The reality of our times

The reality of our times

The reality of our times

The 'Deccan Herald Theatre Festival 2017' which will be held from December 3 to 10, is sure to be a feast for the eyes with many spellbinding acts.

This year's festival has been curated and organised by Shiva Pathak from the Bengaluru-based 'Sandbox Collective'.  The collective comprises of artists and curators who have worked in theatre for  nearly two decades.

Looking back on the history of the festival, Shiva says, "The 'Deccan Herald Theatre Festival' harks back to a time when amateur theatre ruled the scene in Bengaluru. Each play saw a maximum of five shows and there were only two to three venues in the city. It was also the time when the Bangalore of the 90s had given way to a more robust and vibrant theatre landscape with more than 100 theatre groups vying for performances space."  

About the unique elements of  the festival, he says, "This year's festival has been a re-imagination of sorts, a festival to reflect the reality of our times. It is a mixed offering and has big, spectacular works as well as works that are small and intimate."

"One of the major add-ons this year is the intercollegiate leg of the festival. With more and more youngsters entering the world of theatre, it is imperative that we include them to the ever-growing theatre fraternity of the city."  

With the 'DH Inter-Collegiate Theatre Fete', the students will get an opportunity to showcase their performance as well as interact and engage with professional theatre companies and practitioners.


"Young people have been the backbone of theatre the world over. This year we have found a way to include them in the main festival. Very few colleges have dedicated theatre departments and even the ones that do are very insular. We hope a festival of this kind will expose the youth  to professional theatre and provide them with an opportunity to not only watch but also interact with leading figures in the world of theatre," elaborates Shiva.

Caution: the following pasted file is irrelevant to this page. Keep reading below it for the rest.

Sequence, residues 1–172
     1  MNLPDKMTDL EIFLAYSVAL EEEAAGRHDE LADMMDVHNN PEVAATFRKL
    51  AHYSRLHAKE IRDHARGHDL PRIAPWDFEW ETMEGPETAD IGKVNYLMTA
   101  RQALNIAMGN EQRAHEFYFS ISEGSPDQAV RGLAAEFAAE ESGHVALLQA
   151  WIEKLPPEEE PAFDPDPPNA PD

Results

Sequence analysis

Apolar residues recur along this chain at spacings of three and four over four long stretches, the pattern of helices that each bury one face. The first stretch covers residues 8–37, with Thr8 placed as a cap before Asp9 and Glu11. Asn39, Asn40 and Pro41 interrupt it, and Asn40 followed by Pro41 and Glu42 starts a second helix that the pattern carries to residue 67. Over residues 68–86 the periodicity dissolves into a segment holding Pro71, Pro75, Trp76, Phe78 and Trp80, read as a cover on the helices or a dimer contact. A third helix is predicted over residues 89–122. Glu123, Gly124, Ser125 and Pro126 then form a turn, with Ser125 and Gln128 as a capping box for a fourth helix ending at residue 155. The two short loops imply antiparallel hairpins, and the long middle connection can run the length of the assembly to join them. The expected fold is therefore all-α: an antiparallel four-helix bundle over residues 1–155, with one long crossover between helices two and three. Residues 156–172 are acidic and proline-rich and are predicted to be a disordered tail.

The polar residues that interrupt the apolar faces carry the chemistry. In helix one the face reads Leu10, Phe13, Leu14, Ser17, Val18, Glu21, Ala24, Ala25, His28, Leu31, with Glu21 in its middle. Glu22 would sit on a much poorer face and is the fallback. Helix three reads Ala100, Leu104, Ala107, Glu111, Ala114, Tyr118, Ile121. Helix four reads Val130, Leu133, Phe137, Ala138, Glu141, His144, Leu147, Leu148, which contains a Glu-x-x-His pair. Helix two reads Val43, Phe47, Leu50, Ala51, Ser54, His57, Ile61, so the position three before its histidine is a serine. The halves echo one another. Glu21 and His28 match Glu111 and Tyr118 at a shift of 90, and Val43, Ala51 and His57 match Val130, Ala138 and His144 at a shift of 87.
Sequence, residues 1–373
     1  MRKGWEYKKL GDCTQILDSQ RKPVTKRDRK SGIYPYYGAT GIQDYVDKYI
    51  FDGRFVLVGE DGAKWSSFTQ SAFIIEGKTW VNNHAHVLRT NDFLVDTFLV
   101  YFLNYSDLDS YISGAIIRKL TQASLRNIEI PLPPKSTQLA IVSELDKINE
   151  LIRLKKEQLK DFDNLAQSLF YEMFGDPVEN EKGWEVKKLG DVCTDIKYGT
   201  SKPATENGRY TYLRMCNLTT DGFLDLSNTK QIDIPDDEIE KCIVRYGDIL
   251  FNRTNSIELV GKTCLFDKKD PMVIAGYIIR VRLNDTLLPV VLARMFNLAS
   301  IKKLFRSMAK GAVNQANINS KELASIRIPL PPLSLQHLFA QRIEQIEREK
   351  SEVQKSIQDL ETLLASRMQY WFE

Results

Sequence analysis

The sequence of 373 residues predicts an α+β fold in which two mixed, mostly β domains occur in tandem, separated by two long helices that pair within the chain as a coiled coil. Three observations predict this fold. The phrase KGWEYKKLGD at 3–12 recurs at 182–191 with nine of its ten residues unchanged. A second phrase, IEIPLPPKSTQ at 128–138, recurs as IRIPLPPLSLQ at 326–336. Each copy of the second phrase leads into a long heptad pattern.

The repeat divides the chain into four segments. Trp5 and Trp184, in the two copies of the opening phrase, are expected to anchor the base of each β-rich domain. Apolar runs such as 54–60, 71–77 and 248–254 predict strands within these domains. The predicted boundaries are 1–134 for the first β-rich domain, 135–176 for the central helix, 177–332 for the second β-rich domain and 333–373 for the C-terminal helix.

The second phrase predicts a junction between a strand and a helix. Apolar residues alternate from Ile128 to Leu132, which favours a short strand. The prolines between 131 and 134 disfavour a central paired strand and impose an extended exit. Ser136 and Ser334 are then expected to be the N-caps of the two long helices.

"In the current theatre scenario, there are more than 50 performance venues and thousands of artists who have chosen to pursue theatre as a full-time profession," he points out.


"There are hundreds of people who join the theatre fraternity every year, ones who have chosen to do full-time theatre. With numerous venues, big and small opening their doors to performers, there are more shows than ever in the city. Ten years ago, we possibly had two to three shows on any given day, even a weekend. Today, we have over 20 shows in different parts of the city. Bengaluru possibly has the most vibrant theater escape in the country today," he adds.

The theatre festival has big names like Prakash Belawadi, Arundhati Nag and Pawan Kumar associated with it.

Shiva says, "Arundhati Nag needs no introduction.  A veteran both on the stage as well as in cinema, she will be seen on stage after a long hiatus, in one of the most celebrated plays in the history of theatre, 'Mother Courage and Her Children'. This play is written by the legendary Bertolt Brecht. The play  is as relevant today as when it was written and has been performed by some of the biggest names in the world."  

"Prakash is best known for his snappy style in the theatre. His foray into the world of cinema has only added to his popularity," he says.

"Pawan Kumar, best known as an award-winning film director, started off in the world of theatre and never quit theatre. He continues to stage his one man show at regular intervals and has a lasting interest in theatre," adds Shiva.  

"Apart from  'Mother Courage and her Children', there are two other plays at the festival which are interesting," he adds.

"'A Little Calm Before the Storm' directed by Vandana Prabhu is an absurdly funny play about actors who portray Hitler. Prashanth Nair puts together a whacky set of comic sketches in 'A Funny Thing Called Life' that reflects the funny side of life," he sums up.  

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